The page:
“You don’t know what you have got until it is gone”. A common phrase that everyone will have been told at some point or another. It’s applicable to pretty much all walks of life as well, from the unsung hero, to the all-rounder at work, to that friend who may fly under the radar but will never let you down when you need them most.
Most importantly, it’s a phrase that should resonate strongly when it comes to your family, especially your parents. At least, it does with mine. All three of them. And it is especially prevalent when it comes to social media interactions. (more…)
‘There are parts of New Zealand that I absolutely fell in love with
that I will miss going back to,
but I kind of think that is the part that can continue and will continue on.
I don’t imagine I’ll stop going back to New Zealand,
because I feel part of the fabric there, really’ – Andy Serkis
Kaiteriteri is a common destination due to its close proximity to the Abel Tasman National Park. In fact, it’s probably the main/only reason people would go there.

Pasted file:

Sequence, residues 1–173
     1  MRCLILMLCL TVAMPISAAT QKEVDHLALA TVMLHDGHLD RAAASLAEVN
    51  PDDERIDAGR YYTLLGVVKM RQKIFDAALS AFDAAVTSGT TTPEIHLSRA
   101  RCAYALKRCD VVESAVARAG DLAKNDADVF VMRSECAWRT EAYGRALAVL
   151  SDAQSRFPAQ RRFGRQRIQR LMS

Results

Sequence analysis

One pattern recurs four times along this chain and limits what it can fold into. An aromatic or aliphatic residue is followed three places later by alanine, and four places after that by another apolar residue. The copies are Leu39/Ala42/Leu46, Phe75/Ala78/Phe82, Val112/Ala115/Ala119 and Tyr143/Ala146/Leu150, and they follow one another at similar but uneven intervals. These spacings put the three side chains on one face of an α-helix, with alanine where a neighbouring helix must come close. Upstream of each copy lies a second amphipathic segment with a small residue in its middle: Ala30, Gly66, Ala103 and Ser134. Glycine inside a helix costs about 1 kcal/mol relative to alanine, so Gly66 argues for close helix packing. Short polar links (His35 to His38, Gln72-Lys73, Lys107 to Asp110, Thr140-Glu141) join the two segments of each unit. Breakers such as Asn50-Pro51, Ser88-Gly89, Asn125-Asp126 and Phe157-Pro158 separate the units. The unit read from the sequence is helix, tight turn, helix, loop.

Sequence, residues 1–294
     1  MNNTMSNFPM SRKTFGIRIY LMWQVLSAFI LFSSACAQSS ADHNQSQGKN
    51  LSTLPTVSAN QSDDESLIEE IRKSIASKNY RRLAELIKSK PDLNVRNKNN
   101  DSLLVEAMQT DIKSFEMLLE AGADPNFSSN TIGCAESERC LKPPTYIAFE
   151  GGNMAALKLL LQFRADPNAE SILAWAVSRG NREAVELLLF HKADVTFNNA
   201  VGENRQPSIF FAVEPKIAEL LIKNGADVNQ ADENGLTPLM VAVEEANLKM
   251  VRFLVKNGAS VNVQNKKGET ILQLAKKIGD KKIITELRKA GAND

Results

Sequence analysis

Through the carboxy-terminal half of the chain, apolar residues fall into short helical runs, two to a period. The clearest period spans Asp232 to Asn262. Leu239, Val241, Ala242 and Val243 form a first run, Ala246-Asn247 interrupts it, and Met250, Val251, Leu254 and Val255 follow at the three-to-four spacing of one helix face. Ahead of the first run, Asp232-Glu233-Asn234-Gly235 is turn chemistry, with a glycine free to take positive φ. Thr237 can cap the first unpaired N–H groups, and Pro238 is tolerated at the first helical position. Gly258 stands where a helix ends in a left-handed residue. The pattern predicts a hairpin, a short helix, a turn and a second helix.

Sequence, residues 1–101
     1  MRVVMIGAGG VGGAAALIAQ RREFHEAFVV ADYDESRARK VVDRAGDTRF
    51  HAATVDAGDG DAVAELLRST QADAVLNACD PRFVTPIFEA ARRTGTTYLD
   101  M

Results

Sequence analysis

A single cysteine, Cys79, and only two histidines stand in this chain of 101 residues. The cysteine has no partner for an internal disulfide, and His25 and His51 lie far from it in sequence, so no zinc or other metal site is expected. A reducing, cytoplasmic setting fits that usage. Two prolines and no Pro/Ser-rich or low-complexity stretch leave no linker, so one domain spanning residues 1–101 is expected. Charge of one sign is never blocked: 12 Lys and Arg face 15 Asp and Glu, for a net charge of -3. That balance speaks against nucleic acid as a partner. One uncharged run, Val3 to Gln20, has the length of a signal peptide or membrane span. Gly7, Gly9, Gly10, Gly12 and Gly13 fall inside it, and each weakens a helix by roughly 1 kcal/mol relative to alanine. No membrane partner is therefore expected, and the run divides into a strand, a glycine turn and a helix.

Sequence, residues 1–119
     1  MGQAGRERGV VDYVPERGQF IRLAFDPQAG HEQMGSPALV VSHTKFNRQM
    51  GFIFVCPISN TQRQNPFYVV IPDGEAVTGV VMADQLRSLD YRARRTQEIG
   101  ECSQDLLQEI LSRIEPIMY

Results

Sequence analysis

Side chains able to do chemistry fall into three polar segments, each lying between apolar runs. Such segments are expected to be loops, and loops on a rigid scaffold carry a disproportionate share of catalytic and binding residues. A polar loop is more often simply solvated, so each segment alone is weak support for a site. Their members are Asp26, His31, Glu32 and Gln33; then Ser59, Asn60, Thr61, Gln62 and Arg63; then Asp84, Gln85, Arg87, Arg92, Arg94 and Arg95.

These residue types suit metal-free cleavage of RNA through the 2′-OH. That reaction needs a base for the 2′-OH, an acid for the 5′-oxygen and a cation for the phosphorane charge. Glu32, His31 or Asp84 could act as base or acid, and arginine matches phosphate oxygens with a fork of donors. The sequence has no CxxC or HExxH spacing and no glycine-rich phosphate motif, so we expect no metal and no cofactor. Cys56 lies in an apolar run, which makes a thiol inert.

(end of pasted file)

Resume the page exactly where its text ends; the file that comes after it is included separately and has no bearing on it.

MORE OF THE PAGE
After leaving Wellington and North Island behind via a ferry, we were driven directly to Kaiteriteri, with a brief stop in Nelson. To then get to the Abel Tasman National Park, you usually have to take a water taxi – this is the case whether you are just going to walk around the park or if you are going to kayak.
‘You don’t make a photograph just with a camera.
You bring to the act of photography all the pictures you have seen,
the books you have read,the music you have heard,
the people you have loved’ – Ansel Adams
Since really getting into photography and starting to drop my interest in it into casual conversation with someone, the question ‘what sort of photographer are you’ always seems to crop up. So much so that my answer has almost become second nature; telling them that I don’t know, whilst wearing a wry smile. Why? Because in return I get to see their faces wearing a look of utter bemusement.
I don’t say this in jest though. I honestly don’t know what sort of photographer I am – it’s a hard question to answer. Any question asking you to define your role in a sub-section of the arts is difficult usually you end up giving a word-y statement filled with technical jargon. Why? Personally it is because I don’t want my creative role to be thrown “under the bus” of a general statement. After all, what I do – or attempt to do – ends up being an extension of myself due to how much I end up investing in it both emotionally and personally.